Telecommunication is the transmission of information by various types of technologies over wire, radio, optical, or other electromagnetic systems. It has its origin in the desire of humans for communication over a distance greater than that feasible with the human voice, but with a similar scale of expediency; thus, slow systems (such as postal mail) are excluded from the field.
The transmission media in telecommunication have evolved through numerous stages of technology, from beacons and other visual signals (such as smoke signals, semaphore telegraphs, signal flags, and optical heliographs), to electrical cable and electromagnetic radiation, including light. Such transmission paths are often divided into communication channels, which afford the advantages of multiplexing multiple concurrent communication sessions. Telecommunication is often used in its plural form.
Other examples of pre-modern long-distance communication included audio messages, such as coded drumbeats, lung-blown horns, and loud whistles. 20th- and 21st-century technologies for long-distance communication usually involve electrical and electromagnetic technologies, such as telegraph, telephone, television and teleprinter, networks, radio, microwave transmission, optical fiber, and communications satellites.
A revolution in wireless communication began in the first decade of the 20th century with the pioneering developments in radio communications by Guglielmo Marconi, who won the Nobel Prize in Physics in 1909, and other notable pioneering inventors and developers in the field of electrical and electronic telecommunications. These included Charles Wheatstone and Samuel Morse (inventors of the telegraph), Antonio Meucci and Alexander Graham Bell (some of the inventors and developers of the telephone, see Invention of the telephone), Edwin Armstrong and Lee de Forest (inventors of radio), as well as Vladimir K. Zworykin, John Logie Baird and Philo Farnsworth (some of the inventors of television).
According to Article 1.3 of the Radio Regulations (RR), telecommunication is defined as « Any transmission, emission or reception of signs, signals, writings, images and sounds or intelligence of any nature by wire, radio, optical, or other electromagnetic systems.» This definition is identical to those contained in the Annex to the Constitution and Convention of the International Telecommunication Union (Geneva, 1992).
The early telecommunication networks were created with copper wires as the physical medium for signal transmission. For many years, these networks were used for basic phone services, namely voice and telegrams. Since the mid-1990s, as the internet has grown in popularity, voice has been gradually supplanted by data. This soon demonstrated the limitations of copper in data transmission, prompting the development of optics.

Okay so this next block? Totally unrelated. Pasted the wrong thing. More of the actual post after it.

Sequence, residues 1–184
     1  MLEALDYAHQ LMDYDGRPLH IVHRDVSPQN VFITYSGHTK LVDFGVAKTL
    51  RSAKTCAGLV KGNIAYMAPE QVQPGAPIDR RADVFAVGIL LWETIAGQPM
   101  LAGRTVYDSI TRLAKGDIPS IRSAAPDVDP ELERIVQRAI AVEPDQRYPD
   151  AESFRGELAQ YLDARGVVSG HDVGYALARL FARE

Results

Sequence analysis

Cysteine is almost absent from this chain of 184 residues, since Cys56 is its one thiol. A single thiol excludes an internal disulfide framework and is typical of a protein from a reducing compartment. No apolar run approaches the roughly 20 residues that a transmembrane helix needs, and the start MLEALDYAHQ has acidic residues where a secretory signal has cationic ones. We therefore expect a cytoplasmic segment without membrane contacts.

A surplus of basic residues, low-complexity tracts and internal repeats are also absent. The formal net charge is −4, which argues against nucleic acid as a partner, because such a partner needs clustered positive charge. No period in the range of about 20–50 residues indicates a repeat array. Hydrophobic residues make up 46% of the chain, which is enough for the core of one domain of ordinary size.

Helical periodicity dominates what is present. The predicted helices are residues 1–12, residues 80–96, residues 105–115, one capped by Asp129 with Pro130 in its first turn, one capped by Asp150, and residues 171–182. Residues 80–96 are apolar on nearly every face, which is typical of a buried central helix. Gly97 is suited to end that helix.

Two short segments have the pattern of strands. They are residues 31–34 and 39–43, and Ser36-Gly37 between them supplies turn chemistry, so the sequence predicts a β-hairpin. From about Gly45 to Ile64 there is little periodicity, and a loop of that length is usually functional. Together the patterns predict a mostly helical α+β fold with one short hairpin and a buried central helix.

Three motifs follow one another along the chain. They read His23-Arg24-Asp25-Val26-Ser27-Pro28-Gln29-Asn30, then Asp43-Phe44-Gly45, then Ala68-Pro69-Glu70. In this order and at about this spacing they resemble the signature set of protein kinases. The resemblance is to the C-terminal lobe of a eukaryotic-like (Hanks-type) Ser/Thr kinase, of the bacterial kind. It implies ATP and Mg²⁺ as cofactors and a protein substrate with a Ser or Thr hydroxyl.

Ipswich (/ˈɪpswɪtʃ/ (About this soundlisten)) is a historic county town in Suffolk, England. The town is located in East Anglia about 10 miles away from the mouth of the River Orwell and the North Sea. Ipswich is both on the Great Eastern Main Line railway and the A12 road, it is 66 miles (106 km) north-east of London, 54 miles (89 km) east-southeast of Cambridge, and 45 miles (72 km) south of Norwich. Ipswich is surrounded by two Areas of Outstanding Natural Beauty (AONB); Suffolk Coast and Heaths and Dedham Vale.
Ipswich's modern name is derived from the medieval name Gippeswic, likely taken either from an Old Saxon personal name or from an earlier name given to the Orwell Estuary (although unrelated to the name of the River Gipping). It has also been known as Gyppewicus and Yppswyche. The town has been continuously occupied since the Saxon period, and is contested to be one of the oldest towns in the United Kingdom. Ipswich was a settlement of great economic importance to England throughout its history, particularly in trade. The town's historical dock, present-day Ipswich Waterfront, was known as the largest and most important dock in the kingdom.
Ipswich is a non-metropolitan district and is a large settlement despite its town status. The urban development of Ipswich overspills the borough boundaries significantly, with 75% of the town's population living within the borough at the time of the 2011 Census, when it was the fourth-largest urban area in the United Kingdom's East of England region, and the 42nd-largest urban area in England and Wales. In 2011, the town of Ipswich was found to have a population of 133,384, while the Ipswich built-up area is estimated to have a population of approximately 180,000 in 2011.
The town is split into various quarters, with central and the waterfront drawing the most footfall. Central is home to the town's retail shopping and the historical town square, the Cornhill. The waterfront is located south of the town centre on the bend of the River Orwell and is a picturesque setting housing the town's impressive marina. The waterfront was historically an industrial port but has since been transformed into a trendy area lined with high-rise apartment buildings, restaurants, bars and cafés. The waterfront is also home to one of the UK's newest universities, the University of Suffolk, which was formed in 2016.
Ipswich has become a tourist hotspot in the UK with 3.5 million people reported to have visited the county town in 2016. In 2020, Ipswich was ranked as an emerging global tourist destination by TripAdvisor. Ipswich was voted as the 7th most desirable place to live and work in England by the Royal Mail in 2017. In 2007, Ipswich was awarded the cleanest town award, and in 2015, Ipswich was rated as the third happiest place to live in the UK.